Governors have their work cut out for them in convincing the public to accept fundamental changes in Medicaid that could trim benefits and raise co-payments for the poor, disabled and elderly, a new nationwide poll shows.
Nearly three-fourths of those polled opposed cuts in state Medicaid programs to help balance state budgets, even though two-thirds said their state was in fiscal crisis or had major budget problems, according to the survey released June 29 by the Henry J. Kaiser Family Foundation , a nonpartisan philanthropy that focuses on health care issues.
When asked about reforms similar to those proposed by the National Governors Association to trim Medicaid's runaway costs, 54 percent opposed charging higher co-payments and deductibles for services such as doctor's visits, 65 percent opposed limiting the prescription drugs Medicaid covers, and 55 percent objected to curtailing elderly people's ability to transfer wealth and assets to qualify for taxpayer-funded health care.
Although governors strongly support changes to reduce Medicaid costs for long-term care for the elderly, 82 percent of respondents said it is essential that Medicaid cover nursing home care. Six in 10 people said states should be required to offer the same set of core benefits to receive federal funding, contrary to governors' suggestions that states be given significantly more flexibility over which services and populations to cover.
The survey, conducted between April 1 and May 1, is the first comprehensive assessment of public opinion in recent years on Medicaid, a 40-year-old program that now covers 53 million people. Kaiser polled a nationally representative sample of 1,201 persons. The poll has a margin of error of 3 percentage points in either direction; certain questions asked to a smaller sample have a margin of error of plus or minus 4 percentage points.
"This poll shows that Americans across the political spectrum value the role Medicaid plays in our heath care system," said Diane Rowland, executive vice president of the foundation. "Much of the political debate surrounding Medicaid these days focuses on controlling costs, but proposals to cut funding for the program or scale back the coverage it offers do not appear to be popular with the public."
Medicaid's $329 billion annual tab, driven up by rising health care costs and swelling participant rolls, has propelled the nation's biggest health care program into the spotlight both in state capitols and in Washington, D.C. Congress in April called for $10 billion in cuts to the program over five years, less than those proposed by President Bush.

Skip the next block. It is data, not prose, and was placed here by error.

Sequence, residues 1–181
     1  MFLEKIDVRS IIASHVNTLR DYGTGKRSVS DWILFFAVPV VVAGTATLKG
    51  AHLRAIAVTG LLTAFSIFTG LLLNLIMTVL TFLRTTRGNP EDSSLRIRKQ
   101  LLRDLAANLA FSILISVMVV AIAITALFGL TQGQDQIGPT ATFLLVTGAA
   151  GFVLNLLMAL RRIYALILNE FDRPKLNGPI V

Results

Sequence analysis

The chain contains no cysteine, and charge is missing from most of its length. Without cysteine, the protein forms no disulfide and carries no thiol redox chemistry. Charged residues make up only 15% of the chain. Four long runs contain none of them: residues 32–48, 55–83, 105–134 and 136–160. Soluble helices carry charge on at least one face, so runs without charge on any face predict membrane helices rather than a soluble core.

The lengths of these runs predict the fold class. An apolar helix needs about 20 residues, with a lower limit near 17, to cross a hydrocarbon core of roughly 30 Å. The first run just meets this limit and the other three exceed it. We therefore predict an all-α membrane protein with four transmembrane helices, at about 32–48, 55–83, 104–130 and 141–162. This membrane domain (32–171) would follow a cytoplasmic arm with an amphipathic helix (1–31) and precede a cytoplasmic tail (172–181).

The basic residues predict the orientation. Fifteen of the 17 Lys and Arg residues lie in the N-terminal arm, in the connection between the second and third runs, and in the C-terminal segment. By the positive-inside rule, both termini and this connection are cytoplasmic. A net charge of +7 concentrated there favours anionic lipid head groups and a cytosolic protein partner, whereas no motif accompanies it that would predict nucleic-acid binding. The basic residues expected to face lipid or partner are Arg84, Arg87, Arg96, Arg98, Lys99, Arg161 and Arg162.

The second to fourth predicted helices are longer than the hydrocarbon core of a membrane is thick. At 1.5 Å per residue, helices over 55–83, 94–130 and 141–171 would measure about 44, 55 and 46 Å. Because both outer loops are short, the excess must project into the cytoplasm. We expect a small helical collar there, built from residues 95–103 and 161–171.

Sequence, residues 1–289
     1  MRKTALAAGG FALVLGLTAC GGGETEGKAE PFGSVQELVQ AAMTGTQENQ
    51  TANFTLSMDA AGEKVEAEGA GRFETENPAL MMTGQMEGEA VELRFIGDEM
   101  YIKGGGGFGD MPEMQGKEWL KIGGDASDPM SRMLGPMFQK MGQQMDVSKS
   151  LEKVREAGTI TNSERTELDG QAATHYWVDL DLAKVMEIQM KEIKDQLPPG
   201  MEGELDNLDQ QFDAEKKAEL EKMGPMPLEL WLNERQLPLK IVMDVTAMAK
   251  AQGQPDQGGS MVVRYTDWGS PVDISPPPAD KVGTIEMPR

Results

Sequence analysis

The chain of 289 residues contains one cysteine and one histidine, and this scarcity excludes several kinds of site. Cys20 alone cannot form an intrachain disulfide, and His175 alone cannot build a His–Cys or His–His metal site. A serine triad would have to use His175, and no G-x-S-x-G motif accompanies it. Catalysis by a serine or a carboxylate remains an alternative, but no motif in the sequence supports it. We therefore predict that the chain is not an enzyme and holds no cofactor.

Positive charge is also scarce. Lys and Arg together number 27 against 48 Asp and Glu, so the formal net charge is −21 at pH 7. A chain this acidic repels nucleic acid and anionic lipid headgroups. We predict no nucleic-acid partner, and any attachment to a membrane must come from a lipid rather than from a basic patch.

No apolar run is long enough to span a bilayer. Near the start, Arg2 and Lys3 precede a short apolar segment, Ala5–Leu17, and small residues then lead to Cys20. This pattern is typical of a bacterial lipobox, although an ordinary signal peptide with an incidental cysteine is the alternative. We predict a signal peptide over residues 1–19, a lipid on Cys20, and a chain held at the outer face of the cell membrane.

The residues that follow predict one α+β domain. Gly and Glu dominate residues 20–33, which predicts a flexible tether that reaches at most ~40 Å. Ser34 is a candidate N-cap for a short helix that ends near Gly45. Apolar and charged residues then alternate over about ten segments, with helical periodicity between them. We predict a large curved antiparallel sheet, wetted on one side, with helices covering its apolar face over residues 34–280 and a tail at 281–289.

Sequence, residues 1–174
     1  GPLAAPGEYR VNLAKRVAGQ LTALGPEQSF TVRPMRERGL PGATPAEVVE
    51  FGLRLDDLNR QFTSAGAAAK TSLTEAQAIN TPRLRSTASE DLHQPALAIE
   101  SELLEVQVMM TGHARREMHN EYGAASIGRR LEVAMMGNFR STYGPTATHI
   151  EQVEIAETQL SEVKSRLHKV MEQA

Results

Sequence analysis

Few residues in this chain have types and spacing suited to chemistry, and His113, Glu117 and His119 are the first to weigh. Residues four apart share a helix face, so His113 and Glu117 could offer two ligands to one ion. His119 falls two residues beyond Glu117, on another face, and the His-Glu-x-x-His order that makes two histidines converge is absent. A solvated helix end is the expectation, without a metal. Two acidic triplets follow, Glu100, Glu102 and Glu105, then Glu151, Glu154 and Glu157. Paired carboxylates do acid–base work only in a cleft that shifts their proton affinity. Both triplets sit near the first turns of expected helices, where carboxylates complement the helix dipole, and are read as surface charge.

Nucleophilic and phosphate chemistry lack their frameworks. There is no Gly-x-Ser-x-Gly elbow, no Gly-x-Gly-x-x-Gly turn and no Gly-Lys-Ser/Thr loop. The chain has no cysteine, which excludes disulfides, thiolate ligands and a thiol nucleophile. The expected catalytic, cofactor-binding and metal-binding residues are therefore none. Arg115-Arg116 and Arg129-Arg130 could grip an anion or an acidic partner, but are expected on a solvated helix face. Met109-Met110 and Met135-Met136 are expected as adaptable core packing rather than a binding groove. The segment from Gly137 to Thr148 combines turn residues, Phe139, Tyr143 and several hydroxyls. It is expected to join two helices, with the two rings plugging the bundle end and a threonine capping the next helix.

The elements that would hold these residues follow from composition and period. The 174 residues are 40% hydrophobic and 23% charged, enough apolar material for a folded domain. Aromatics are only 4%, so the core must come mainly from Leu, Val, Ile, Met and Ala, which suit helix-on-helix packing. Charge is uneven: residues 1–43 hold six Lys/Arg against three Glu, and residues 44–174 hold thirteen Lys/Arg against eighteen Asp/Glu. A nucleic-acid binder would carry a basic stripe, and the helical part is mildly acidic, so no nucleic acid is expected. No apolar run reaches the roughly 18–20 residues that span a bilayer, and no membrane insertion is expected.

Virginia Gov. Mark Warner (D) and Arkansas Gov. Mike Huckabee (R) on June 15 presented to Congress a package of reforms that they said had the support of all 50 of the nation's governors. Governors are hoping to turn the focus to long-term, policy-driven reforms, rather than short-term budgetary fixes.
According to the Kaiser survey, the public opposes both federal and state cuts to the program. But there is less consensus on how to fix state budgets plagued by Medicaid bills that in 2004 for the first time eclipsed total state spending on elementary and secondary education to account for the largest single portion of state budgets.
When asked to name the best way to fix their state's budget problems, 21 percent chose cuts in the Medicaid program, 21 percent selected a tax increase and 24 percent preferred cuts in other programs, such as education, prisons and transportation.
About 80 percent of respondents supported increasing or maintaining the current level of federal Medicaid funding, while only 12 percent supported reducing federal funds for the program.
The survey also indicates that 74 percent of the public considers Medicaid a "very important" government program, behind only Social Security (88 percent) and Medicare (83 percent).
Democrats were somewhat more likely to designate Medicaid "very important" -- 81 percent -- compared to 79 percent for Independents and 61 percent for Republicans. Democrats also were more likely to oppose cuts to Medicaid and support increasing federal spending on the program.
In another Medicaid development that could have political fallout for states, a June 28 report from the Government Accountability Office, the investigative arm of Congress, found that 34 states in 2004 paid consultants to help them glean more federal Medicaid money, in some cases exploiting federal Medicaid rules.